Interview with Macy Mitchell of CrossFit Republic

Sep 18, 2014 - 0 comments

Interview with Macy Mitchell of CrossFit Republic

I heard about Macy Mitchell when I was watching the CrossFit Open update show. His story is somewhat different, as he smashed all the open WODs and placed 27th worldwide among 200,000+ competitors, but opted not to compete in the Regionals as he wanted to focus on his family and business.  That itself is an inspiring feat that only a few athletes can do. After all, when you aim to compete in top level events such as the CrossFit Games, a lot of aspects of your life will have to take a back seat.

Macy has had a lot of accomplishments. He’s a former NAIA All-American track athlete. Former CrossFit Games athlete. Box owner and successful businessman. But if you ask him, he’s most important accomplishment would be his family and faith. Read on and be inspired with his story.

How long have you been involved in the sport of CrossFit? What was your first impression of the sport?

I’ve been doing CrossFit for 6 years.  I’ve been a coach since the beginning as well.  I came from a history of running track in college so when I found CrossFit, I couldn’t believe that I found something as or more effective for staying in great shape than collegiate sports.

What was your first WOD like? How did it feel after?

My first Benchmark WOD was Fight gone Bad…  I was in the middle of training and competing in triathlons at that time and was invited to try FGB.  Sounded pretty simple.  Never have I been more humbled! Crossfit hooked me from then on out.

What’s your favorite CrossFit movement?

Probably muscle ups or box jumps.  I’m a body weight guy so these movements typically are strengths.

What is most favorite benchmark/hero WOD?

I really enjoy “The Seven” hero WOD or “Linda” as a benchmark.  Both are grinders that leave me in the fetal position afterwards, but proud I came to the gym that day.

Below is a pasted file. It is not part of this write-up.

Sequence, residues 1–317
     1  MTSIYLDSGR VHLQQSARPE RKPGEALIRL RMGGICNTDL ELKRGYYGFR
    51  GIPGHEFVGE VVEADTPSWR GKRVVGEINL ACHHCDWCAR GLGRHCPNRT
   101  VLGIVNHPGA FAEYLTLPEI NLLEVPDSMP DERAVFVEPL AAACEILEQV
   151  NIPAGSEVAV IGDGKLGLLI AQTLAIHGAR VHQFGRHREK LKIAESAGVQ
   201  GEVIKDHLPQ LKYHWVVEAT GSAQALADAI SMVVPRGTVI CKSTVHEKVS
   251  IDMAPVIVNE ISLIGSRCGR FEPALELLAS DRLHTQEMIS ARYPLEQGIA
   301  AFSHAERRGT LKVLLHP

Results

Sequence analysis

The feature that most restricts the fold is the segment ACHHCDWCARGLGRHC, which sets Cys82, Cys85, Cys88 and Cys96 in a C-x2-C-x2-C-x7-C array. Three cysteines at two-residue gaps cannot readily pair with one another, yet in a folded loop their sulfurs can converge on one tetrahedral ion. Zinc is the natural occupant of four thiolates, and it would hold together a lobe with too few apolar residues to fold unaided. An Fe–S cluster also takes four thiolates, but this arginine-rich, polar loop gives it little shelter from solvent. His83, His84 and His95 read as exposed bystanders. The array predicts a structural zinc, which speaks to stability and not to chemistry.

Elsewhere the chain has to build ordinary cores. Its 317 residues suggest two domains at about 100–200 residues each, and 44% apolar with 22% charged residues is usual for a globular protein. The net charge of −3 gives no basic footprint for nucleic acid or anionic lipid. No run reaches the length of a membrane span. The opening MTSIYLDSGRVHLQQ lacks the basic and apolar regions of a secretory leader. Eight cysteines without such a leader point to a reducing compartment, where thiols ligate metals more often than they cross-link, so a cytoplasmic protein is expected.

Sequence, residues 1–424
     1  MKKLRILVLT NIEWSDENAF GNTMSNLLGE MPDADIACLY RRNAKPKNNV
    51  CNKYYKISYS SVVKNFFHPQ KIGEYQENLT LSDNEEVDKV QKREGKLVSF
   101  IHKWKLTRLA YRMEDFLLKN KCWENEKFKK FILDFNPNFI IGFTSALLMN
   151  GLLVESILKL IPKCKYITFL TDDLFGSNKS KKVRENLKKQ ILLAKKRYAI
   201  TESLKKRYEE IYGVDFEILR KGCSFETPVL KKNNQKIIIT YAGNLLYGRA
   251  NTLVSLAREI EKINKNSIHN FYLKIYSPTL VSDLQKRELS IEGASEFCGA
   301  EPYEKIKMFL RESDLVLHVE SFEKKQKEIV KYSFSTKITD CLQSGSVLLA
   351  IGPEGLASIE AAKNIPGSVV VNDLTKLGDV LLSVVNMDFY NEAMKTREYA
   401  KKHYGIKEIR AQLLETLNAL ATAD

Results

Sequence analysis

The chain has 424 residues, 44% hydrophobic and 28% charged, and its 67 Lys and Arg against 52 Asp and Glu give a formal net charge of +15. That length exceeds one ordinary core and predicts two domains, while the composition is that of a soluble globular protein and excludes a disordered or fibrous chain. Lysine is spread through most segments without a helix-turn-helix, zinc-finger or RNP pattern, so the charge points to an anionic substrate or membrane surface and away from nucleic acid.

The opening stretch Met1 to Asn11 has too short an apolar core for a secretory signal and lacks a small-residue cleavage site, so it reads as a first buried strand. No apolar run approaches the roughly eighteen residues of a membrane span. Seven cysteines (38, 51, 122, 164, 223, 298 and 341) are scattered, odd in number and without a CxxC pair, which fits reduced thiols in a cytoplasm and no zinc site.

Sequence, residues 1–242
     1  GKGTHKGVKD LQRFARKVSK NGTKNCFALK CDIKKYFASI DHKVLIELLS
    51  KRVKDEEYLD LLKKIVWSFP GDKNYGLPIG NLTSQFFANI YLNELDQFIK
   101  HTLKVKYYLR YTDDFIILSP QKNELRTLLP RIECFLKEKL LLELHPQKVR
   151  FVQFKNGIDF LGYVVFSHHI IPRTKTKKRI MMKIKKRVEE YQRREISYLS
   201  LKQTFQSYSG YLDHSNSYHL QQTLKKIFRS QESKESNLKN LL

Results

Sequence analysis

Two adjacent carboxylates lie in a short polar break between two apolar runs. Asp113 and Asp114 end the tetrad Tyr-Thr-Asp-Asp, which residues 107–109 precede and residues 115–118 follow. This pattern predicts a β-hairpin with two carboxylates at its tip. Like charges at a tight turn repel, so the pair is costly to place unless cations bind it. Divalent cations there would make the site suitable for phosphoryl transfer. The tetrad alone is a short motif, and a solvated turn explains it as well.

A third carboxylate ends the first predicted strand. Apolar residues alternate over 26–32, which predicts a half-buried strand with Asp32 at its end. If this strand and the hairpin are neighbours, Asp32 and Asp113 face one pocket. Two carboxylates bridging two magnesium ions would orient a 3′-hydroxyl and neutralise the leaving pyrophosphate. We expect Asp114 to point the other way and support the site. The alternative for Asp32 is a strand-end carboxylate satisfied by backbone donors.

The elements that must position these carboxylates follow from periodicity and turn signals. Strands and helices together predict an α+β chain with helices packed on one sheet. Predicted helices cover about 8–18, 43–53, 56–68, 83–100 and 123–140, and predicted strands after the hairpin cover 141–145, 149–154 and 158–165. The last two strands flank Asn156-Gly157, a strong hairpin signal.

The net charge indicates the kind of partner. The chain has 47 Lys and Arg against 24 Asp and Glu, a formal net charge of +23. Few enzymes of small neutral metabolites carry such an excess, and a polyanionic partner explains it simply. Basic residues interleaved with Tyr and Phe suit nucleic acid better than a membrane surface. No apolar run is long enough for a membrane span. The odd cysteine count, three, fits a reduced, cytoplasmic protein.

How has CrossFit changed your lifestyle?

Well its definitely given me the confidence to do anything that is physically demanding at a moment’s notice.  After I had kids, training time definitely decreased but the short metcons and intensity allow me to stay in shape for my life’s demands.  Next, more than any other workout regimen, it has me watching the kinds of food I put into my body, as well as being conscious of preparing food ahead of time. Regardless of caring what my body looks like, whatever you eat 24 hrs prior to a workout, you definitely can feel if it wasn’t “clean” eating.

 How do you prepare for a WOD? Physically and mentally?

Depending if its general training or competition, I’m a pretty basic guy.  The mental is already taken care of.  With my past of competing at a national level for so many years in college, I can handle the nerves and understand that you have to have a gameplan, be confident in yourself, and that your best is all you can do.  Leave it on the floor and have no regrets.  As far as physically, I’m somewhat old school.  A nice little jog, some basic stretching, warmup with technique will suffice, then it’s go-time.  Competition or practice, it’s usually the same.

Which aspect do you feel you need to improve on the most  (e.g. metcon, mobility, strength, etc)?

Strength for sure.  I’m built for bodyweight movements.  If I take a week or two off of strength training, I can lose gains pretty quickly.  I consistently do short, heavy interval training to stay up with the ever changing heavier weights in Crossfit.  So far i’ve been alright, but now I’m getting old. 

Tell us more about your local box. What’s the community like?